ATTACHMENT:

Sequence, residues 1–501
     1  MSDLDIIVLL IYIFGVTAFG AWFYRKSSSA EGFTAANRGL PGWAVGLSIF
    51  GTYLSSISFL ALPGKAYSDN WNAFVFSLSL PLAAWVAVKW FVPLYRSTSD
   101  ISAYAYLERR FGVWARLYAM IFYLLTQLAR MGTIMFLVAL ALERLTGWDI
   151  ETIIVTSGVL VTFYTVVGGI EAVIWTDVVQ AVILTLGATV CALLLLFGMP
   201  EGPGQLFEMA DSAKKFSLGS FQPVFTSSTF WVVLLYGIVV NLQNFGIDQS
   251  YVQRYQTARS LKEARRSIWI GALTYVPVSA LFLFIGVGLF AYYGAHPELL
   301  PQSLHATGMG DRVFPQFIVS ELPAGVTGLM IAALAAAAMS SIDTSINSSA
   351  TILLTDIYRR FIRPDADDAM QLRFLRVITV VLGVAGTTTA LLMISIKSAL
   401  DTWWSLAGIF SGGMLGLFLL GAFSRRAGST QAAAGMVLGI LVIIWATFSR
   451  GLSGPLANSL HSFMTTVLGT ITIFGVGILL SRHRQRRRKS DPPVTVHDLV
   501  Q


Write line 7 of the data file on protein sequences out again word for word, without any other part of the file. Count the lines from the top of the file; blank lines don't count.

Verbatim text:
   251  YVQRYQTARS LKEARRSIWI GALTYVPVSA LFLFIGVGLF AYYGAHPELL